Editorial: Obsessive-Compulsive Renewal Disorder

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By: Jeff Fleming

If you think circulation is a cushy job, you’re probably right, but not for the reasons you think. In today’s world, the only thing cushy about circulation is the 2 inches of padding lining the office walls.

Asking subscribers to renew print subscriptions has never been easy, but when you add digital editions, apps, mobile, and paywalls to the equation (not to mention some paid, some free, some bundled, and all at varying price points), the chances of your circulation manager committing harakiri before the next audit are almost guaranteed.

Earlier this month, I received a print renewal notice for a local daily metro and after reading it, I thought about contacting a rocket scientist to interpret it. The complexity was confusing, unnecessary, and frustrating to the point of no return — and this was a “print only” renewal. One has to wonder if subscription chaos attributed to digital products is distracting the newspaper from following the basic and fundamental framework for successful renewal efforts — list the benefits and keep it simple.

The renewal in question offered NO benefits, included account “details” with NO explanation, listed four timelines with NO discount for choosing the longest subscription period, and stated that there will be five transportation cost increases in 2012. All this and a special note reading, “Home delivery rates have increased due to the rising cost of operations and newsprint” with NO indication of how much. I glanced to the bottom of the letter, expecting the signature to read: “Sincerely, Debbie Downer.”

With circulation numbers dwindling, newspapers now more than ever should be pouring their best creative juices and marketing savvy into their subscription efforts. The consumer experience should be friendly and offer simple choices including print and digital. Sorting out multiple offers and prices is challenging, but not impossible.

Customers want to feel special, they want to know the money they are spending is appreciated and that they will be rewarded with insightful information that is unique and not available for free across the Internet.

But there is still a big elephant in the room of the metro in question, and he’s sitting carelessly on the circulation director’s shoulder. Most of the content they are requesting payment for is available 24/7 as a free app in the iTunes store and Android Market.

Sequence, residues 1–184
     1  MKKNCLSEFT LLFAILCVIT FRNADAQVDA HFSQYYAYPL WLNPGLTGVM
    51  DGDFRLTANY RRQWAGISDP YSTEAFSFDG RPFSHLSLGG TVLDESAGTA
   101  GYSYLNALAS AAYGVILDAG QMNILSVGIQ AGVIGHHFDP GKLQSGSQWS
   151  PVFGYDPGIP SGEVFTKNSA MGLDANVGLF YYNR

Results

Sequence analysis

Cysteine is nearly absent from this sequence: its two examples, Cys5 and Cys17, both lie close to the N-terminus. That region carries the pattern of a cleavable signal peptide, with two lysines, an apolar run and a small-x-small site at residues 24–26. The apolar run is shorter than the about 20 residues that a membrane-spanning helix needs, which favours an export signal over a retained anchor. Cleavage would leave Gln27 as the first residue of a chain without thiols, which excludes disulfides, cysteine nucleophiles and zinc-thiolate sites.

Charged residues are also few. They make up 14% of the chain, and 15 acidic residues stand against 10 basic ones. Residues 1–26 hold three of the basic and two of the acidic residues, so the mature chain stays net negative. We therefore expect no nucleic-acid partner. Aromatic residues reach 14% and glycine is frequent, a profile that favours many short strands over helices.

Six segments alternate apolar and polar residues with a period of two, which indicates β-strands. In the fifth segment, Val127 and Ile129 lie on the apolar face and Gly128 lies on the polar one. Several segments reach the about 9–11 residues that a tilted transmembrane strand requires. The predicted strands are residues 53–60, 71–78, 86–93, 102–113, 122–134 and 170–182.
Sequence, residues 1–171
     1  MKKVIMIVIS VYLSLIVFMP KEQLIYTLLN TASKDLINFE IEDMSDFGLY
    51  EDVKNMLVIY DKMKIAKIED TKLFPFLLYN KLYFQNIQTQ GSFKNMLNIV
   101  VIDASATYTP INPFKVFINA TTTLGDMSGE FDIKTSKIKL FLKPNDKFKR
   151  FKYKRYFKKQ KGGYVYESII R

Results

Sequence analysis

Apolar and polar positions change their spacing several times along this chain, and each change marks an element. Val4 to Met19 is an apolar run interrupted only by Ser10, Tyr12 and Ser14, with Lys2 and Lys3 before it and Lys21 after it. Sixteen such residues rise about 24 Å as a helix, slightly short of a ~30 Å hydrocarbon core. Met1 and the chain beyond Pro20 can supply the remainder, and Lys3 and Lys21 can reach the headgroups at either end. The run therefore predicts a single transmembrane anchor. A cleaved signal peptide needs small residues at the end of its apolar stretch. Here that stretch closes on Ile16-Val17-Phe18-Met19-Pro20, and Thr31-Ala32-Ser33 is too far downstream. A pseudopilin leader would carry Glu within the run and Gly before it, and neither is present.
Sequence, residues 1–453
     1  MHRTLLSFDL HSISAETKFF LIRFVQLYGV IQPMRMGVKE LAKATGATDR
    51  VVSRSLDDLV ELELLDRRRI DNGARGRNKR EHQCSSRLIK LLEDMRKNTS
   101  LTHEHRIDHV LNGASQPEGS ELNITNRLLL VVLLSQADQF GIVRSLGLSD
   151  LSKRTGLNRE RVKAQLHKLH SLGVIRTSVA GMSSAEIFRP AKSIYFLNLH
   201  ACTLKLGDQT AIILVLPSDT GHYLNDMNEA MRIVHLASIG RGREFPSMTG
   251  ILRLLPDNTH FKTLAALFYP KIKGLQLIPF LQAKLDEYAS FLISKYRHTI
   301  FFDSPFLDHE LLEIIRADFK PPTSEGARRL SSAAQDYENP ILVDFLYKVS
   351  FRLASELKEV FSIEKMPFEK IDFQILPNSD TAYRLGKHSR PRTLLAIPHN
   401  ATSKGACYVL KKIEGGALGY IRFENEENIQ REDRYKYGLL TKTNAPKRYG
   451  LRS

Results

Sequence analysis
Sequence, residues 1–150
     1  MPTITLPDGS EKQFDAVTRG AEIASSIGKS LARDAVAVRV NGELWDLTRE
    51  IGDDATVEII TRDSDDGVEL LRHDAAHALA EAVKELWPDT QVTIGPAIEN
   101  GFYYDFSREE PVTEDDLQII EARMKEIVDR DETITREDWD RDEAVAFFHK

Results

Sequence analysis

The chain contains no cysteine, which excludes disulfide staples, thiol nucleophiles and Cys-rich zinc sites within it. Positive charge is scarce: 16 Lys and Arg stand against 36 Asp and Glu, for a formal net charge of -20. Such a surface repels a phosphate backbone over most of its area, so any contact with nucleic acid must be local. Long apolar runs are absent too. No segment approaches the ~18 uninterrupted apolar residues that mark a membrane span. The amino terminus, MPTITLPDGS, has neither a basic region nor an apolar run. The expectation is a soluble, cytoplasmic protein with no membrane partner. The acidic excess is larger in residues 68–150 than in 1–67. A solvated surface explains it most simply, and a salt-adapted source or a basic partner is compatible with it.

The Newspaper Association of America offers several subscriber acquisition and retention reports, including “Marketing Home Delivery: The Subscriber Lifecycle and Model Retention Process” and “Selling Subscriptions with a New Sense of Urgency.” There isn’t enough space on Wikipedia for all of the circulation tips, strategies, and case studies available. But reading and studying and attending conferences does absolutely nothing unless there is a plan of action and implementation.

As I write this, an email from the “Customer Intelligence Manager” at the metro paper that sent the depressing renewal letter just appeared in my inbox. They are asking me to complete a brief survey to “see how we are doing.” Their timing couldn’t be better.

3 thoughts on “Editorial: Obsessive-Compulsive Renewal Disorder

  • March 30, 2012 at 12:07 pm
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    When is a “double cheeseburger” really TWO cheeseburgers and twice the price as one? When Newsweek says it is. That’s because Newsweek is now saying that if they call a weekly issue a “double-issue” it will actually count as two. HUH? The print industry is indeed having troubles, and those of us committed to reading newsmagazines are as pained as anyone else. But the times are no excuse for cheating loyal readers by changing the rules of the game in the middle of the game and failing to tell the players.. Newsweek put out 10-12 “double issues” last year. We got no warning, yet because of its many years as an industry leader, we subscribers had no reason to think the company would refuse to extend annual subscriptions to make up the difference. HA! ONLY if we call and ask are we told that a 52 issue-subscription will not be 52 actual weekly issues, but only 40 (or 35, or however many the company feels like doing. Go ahead. Try to make the case that this is NOT fraudulent bait-and-switch. The magazine has changed the rules of the game at whim, and is redefining the term “double issue” . When you fail to specify this up front, you are cheating people because the public thinks a double issue is an issue with twice the normal content—-perhaps, say, to celebrate a big magazine anniversary or a huge advertising campaign. The practice might indeed not be confined to Newsweek, but someone needs to create a better term so that the readers understand, because like it or not, the public thinks it is still ONE ISSUE the same way that a double cheeseburger is a burger with two patties covered with cheese—not two cheeseburgers. The failure to make it up to current subscribers and failing to make this clear to subscribers in all marketing and promotional information, as well as in information that subscription services must relay to consumers, is nothing short of fraud. Last year, subscribers were cheated out of 2 1/2 months’ worth of magazines they paid for in good faith. And nobody was told. Who else is doing this?